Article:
"I think we recognize, perhaps more clearly than we might have done in the 1990s, just how much people can be moved by passion — whether it's national passion, nationalism or religiously-inspired fervor," she says. "We're not always rational human beings, and we take very seriously the ways in which we identify ourselves."

MacMillan speculates that this type of intense national passion might actually be a result of globalization — as the world becomes more integrated, she says people tend to cling to their national and local identities as a way to stand out. In addition to national identity pushing forward disruption, MacMillan says there is another factor that can play a role: pure accident.

"I think we should never underestimate the sheer role of accident," she says. "In the last months of the crisis before Europe went to war, there was a series of very human mistakes — miscalculations, failures to understand what the other side might do. I think they could've avoided the accident, I don't think it had to happen," she argues.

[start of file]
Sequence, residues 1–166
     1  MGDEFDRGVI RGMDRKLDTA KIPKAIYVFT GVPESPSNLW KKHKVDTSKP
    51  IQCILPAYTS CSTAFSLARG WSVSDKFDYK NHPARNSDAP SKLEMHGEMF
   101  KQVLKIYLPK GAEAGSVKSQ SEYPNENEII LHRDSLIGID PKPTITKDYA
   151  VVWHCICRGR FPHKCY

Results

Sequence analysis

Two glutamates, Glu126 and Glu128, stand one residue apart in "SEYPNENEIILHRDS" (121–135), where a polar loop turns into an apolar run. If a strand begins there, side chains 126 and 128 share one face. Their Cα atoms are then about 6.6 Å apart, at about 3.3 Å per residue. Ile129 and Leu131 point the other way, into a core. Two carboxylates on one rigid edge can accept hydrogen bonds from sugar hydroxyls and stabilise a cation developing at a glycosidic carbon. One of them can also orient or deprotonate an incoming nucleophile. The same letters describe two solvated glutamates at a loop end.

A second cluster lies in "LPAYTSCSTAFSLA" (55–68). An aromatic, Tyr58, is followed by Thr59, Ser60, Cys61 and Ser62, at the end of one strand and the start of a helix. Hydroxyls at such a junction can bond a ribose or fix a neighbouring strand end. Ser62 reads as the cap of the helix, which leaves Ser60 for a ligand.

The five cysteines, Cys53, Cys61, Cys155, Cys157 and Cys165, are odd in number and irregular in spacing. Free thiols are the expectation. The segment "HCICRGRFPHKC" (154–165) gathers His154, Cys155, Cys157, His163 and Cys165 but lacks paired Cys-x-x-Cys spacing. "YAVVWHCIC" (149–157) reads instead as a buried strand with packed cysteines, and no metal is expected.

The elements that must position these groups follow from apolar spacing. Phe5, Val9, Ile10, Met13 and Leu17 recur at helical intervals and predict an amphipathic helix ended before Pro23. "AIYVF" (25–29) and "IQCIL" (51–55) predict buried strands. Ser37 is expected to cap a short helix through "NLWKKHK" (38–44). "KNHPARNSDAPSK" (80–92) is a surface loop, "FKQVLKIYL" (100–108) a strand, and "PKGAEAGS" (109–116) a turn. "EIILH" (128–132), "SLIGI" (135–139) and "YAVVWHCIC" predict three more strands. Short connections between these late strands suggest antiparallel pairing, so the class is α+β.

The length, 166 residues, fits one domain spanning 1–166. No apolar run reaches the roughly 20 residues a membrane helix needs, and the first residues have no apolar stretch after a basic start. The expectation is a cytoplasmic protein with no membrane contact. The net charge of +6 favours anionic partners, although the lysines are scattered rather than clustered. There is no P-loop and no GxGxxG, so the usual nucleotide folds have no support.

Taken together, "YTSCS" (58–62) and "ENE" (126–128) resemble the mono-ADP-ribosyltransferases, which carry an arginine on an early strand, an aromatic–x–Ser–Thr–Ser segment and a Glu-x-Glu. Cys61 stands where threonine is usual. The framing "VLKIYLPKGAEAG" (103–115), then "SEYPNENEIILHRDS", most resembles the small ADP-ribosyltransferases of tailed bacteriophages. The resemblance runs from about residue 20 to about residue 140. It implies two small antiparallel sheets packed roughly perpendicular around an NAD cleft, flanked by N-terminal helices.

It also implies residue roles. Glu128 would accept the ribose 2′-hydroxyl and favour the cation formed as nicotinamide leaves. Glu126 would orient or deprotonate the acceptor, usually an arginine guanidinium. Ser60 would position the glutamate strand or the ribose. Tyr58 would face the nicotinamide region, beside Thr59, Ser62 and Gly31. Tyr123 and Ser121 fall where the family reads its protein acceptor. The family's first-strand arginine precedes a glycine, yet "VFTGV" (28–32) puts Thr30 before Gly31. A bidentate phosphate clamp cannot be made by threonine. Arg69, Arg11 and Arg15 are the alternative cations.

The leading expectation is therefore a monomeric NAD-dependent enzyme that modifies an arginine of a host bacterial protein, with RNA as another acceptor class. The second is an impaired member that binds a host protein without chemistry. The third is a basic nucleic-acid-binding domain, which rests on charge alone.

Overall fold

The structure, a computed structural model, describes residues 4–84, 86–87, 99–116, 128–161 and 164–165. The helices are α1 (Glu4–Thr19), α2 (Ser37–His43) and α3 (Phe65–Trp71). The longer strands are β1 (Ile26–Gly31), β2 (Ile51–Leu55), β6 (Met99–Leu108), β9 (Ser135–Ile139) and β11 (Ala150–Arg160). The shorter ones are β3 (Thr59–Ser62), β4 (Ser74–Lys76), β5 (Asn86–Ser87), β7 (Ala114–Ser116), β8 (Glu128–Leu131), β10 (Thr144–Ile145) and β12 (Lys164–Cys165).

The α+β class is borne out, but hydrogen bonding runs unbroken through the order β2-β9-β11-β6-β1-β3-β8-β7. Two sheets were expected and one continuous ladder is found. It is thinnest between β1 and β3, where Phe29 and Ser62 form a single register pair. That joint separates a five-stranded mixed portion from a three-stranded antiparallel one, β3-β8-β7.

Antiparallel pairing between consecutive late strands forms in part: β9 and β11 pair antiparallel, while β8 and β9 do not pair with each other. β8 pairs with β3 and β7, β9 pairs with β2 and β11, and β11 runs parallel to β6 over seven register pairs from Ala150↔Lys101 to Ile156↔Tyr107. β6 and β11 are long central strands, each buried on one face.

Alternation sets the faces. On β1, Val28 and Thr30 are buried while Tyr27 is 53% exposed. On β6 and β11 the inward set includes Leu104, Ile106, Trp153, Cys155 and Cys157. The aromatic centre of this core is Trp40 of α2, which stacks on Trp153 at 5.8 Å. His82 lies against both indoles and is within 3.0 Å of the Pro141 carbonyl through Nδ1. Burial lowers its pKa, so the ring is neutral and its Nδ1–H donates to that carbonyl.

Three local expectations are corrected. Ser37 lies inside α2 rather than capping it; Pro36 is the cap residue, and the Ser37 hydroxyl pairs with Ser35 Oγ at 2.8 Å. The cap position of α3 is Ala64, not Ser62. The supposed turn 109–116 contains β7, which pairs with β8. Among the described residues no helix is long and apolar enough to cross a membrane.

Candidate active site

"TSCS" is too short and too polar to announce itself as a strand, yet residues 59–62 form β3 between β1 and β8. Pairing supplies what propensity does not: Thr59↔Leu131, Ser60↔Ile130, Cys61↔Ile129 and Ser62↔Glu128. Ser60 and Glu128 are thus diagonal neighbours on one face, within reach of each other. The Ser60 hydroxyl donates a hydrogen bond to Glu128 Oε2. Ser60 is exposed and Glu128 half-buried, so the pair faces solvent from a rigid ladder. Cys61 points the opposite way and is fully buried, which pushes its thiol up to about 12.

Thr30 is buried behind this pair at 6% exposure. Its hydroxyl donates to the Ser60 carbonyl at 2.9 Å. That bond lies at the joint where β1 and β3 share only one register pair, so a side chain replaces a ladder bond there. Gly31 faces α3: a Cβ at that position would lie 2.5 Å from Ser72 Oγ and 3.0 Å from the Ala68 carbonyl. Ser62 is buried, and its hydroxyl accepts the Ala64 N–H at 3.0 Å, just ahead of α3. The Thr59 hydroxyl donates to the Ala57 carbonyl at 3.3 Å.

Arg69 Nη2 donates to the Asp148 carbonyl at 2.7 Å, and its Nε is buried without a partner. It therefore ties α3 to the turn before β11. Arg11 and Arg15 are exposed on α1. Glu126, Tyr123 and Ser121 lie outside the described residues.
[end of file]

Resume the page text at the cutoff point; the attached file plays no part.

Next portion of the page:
"I think we have to hope today that we will have leaders who are wise enough, who are sensible enough not to move precipitously, who are prepared to try and understand the other side and prepared always to talk to the other side. I think we shouldn't be too pessimistic — we have a lot of goodwill in the world, a lot of sense that people want peace to continue. But I think we should really be careful because we should recognize that accidents do happen."

MacMillan says that President Obama is reminiscent of Britain's Prime Minister Neville Chamberlain in the years before World War II. She says that Chamberlain was "unfairly attacked as an appeaser," and now Obama is focusing on bringing different countries from the West together to act with a unified response.

"But it's not easy — until there is a very clear and pressing threat, we tend to always think of our own national interests," she says. "What Obama is doing, I think quite rightly, is signaling that there really is a concern about the way in which Russia is behaving, but [Obama is] trying to keep the door open to more negotiations and trying, I hope, to show the Russians that they really have to be careful not to go too far."